Safeguarding in New Ofsted Inspection Framework

Ofsted’s new Education Inspection Framework is all set to be rolled out this September. Although there are a number of new changes across the spectrum, we will focus on the inspection of ‘safeguarding’ for early years in this post.

According to the new inspection framework for 2019, safeguarding will be assessed under the judgement for ‘Leadership and Management’.

 Inspectors will look for evidence on how effective your settings arrangements are to:

  • Identify children who may be at the risk of neglect, abuse, grooming or exploitation and maybe in need of early help
  • Help the children at risk by providing the support they need, or refer in a timely manner to those who have the expertise to help
  • Manage safe recruitment and allegations on adults who may pose a risk to children

Safeguarding risks

Apart from the safeguarding risks detailed in the earlier revisions of Ofsted’s guidance document on ‘Inspecting safeguarding in early years, education and skills settings’, a set of new risks linked to technology and social media have been included in the document:

  • Online bullying
  • The risks of being groomed online for radicalisation or exploitation
  • Risks of accessing and generating inappropriate content

What is classed as effective safeguarding?

As per the new framework, effective safeguarding is seen when adults working with children are aware of how to spot signs that a child is at risk and respond to it promptly, following local procedures and statutory guidance. They should also ensure that the children understand what constitutes a healthy relationship – ‘both online and offline’ and know how to recognise the risk.

Some of the elements the new EIF will look at as effective safeguarding are:

A culture of addressing risks and discriminatory behaviour

Have clear procedures and policies in place to protect and support children who experience bullying, racism, homophobic behaviour, sexism and other forms of discrimination. Settings should make sure discriminatory behaviours are challenged, and appropriate help and support are given to children to encourage children to treat others with respect.

In cases of peer-on-peer abuse,  it’s important that staff consider what support might be needed for the perpetrators as well as the victims.

Adequate training to staff to understand and handle reports of abuse

Emphasis has been placed in the new framework that all staff members understand how to handle reports of sexual violence and harassment, (both in your setting and outside your premises) following the guidelines issued by the Department for Education. Inspectors will check the training has been provided and the staff are aware of what action to take.

Screening children with poor behaviour for trauma or abuse

One of the notable new inclusions is the requirement to screen children with ‘poor behaviour’ for possible abuse or trauma.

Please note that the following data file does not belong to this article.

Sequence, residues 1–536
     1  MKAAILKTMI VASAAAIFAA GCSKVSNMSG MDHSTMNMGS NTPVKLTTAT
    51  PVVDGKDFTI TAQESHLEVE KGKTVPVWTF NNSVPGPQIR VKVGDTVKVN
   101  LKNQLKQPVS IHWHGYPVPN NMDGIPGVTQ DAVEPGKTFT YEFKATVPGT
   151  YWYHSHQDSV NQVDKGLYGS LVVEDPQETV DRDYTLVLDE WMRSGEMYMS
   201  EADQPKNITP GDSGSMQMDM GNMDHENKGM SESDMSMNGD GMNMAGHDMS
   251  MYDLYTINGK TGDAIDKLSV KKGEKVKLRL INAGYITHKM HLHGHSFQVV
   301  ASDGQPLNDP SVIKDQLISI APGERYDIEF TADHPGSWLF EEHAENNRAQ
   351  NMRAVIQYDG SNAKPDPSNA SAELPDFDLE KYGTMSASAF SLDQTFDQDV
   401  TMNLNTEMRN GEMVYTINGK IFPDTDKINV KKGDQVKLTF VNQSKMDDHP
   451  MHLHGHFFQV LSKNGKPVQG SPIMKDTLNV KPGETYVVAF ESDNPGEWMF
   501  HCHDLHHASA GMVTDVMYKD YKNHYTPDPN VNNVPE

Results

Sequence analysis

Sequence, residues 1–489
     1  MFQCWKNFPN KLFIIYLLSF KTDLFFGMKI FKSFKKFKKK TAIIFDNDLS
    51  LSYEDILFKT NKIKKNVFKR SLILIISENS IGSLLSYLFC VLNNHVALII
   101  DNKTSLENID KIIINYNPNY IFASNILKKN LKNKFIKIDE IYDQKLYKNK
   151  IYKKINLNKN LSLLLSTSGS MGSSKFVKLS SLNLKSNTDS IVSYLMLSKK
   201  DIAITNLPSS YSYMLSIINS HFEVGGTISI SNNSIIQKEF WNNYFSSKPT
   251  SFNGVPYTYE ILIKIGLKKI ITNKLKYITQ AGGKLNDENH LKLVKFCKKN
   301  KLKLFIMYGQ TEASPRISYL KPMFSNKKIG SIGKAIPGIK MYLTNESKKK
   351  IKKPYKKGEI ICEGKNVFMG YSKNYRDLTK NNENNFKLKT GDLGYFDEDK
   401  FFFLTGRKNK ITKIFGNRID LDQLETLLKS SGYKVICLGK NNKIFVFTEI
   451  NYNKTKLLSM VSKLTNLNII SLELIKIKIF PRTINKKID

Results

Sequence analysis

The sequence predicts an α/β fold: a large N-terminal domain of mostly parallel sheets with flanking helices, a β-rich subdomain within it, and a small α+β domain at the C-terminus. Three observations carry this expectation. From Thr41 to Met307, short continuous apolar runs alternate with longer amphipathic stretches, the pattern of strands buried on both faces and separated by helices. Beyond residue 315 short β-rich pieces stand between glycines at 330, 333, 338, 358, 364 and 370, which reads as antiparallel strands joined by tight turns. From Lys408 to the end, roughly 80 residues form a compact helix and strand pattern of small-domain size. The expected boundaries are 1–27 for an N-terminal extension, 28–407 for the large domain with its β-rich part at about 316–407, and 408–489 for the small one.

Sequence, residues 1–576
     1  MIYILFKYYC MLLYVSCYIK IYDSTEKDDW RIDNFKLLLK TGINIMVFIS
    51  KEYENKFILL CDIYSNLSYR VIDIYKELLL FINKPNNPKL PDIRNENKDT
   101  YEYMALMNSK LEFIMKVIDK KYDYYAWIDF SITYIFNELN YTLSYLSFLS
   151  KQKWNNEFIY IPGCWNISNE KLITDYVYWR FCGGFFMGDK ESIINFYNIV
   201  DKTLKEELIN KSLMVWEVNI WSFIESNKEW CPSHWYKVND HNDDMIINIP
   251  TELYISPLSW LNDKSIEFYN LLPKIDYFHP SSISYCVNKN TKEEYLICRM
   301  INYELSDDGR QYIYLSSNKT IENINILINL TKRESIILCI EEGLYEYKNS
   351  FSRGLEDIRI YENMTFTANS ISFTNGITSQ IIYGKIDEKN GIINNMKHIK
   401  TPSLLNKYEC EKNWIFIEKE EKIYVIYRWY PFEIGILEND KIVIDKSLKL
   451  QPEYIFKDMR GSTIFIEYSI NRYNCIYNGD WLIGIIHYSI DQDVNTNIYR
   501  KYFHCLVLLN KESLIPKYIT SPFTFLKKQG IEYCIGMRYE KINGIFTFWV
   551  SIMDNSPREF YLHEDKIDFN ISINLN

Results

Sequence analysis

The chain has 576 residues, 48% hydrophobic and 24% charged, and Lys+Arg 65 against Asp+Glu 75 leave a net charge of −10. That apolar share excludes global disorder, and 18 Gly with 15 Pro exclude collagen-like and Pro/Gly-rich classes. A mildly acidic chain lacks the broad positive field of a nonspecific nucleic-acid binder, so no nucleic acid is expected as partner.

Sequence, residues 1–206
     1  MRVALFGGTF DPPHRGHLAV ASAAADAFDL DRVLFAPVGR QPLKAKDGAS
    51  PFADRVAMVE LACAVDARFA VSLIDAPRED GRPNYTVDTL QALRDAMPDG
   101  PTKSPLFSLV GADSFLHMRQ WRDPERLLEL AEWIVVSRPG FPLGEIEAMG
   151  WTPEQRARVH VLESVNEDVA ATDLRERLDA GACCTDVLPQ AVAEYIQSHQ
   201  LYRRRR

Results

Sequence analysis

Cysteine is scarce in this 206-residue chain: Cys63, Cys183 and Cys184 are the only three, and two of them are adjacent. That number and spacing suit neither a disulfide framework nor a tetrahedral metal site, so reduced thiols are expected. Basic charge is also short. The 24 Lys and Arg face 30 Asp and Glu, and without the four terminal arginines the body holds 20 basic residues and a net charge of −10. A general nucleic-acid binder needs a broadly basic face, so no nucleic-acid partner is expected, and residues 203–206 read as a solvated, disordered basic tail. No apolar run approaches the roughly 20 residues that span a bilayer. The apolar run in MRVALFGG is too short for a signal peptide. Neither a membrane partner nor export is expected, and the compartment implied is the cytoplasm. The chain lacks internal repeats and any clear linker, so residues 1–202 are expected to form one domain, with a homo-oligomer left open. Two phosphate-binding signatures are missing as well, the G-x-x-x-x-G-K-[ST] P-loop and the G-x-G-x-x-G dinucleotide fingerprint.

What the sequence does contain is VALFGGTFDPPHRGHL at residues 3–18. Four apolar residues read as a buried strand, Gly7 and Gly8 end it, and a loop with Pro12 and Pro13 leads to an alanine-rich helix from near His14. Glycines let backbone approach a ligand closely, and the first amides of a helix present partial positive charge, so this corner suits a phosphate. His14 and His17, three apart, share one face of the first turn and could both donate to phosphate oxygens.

It is an important addition that calls for providers to understand that children’s poor behaviour could be a sign that they could harm or that they have been traumatised by abuse. Providers should consider putting a clear system in place to ensure any child who is displaying behaviour that is a cause of concern is not doing so as a result of any abuse they could have been subject to.

Inspectors will also look closely at how the behaviour of children are managed, and what strategies the school has as an alternative to exclusion. They will look for evidence that the school is taking into account any safeguarding risks to pupils who may be excluded.

Where the children are attending off-site units, inspectors may visit units and assess:

  • The safeguarding procedures
  • The quality of education
  • The effectiveness of the unit’s efforts to help improve the children’s behaviour, learning and attendance

What safeguarding evidences should you submit on the day of inspection?

  • The list of safeguarding referrals made to the Designated Safeguarding Lead (DSL)
  • The list of those who were subsequently referred to the local authority along with brief details of the resolution
  • The list of children whose cases are open to children’s services/social services and for whom there is a multi-agency plan

Conclusion

Childcare providers will be expected to develop a culture where all adults working at the setting understand how to spot the indicators that a child could be at the risk of abuse or exploitation and are aware of how to seek help and respond to it promptly.

Any ineffectiveness in safeguarding will be referenced in the leadership and management section of the report. For an early year setting to receive a judgement of ‘Good’ for Leadership and Management, providers should have effective safeguarding arrangements in place to :

  • Identify learners who might be at risk of neglect, abuse, grooming or exploitation
  • Respond to identified risks in a timely way
  • Deal with staff recruitments and allegations regarding adults who may pose a risk

For a centre that’s awarded ‘Outstanding’, the provider must meet the above criteria consistently.

 

You might also like:

Ofsted Education Inspection Framework 2019: Key changes for early years  >View article

Falls, scrapes and tumbles: What does Ofsted need to know?  >View article

 

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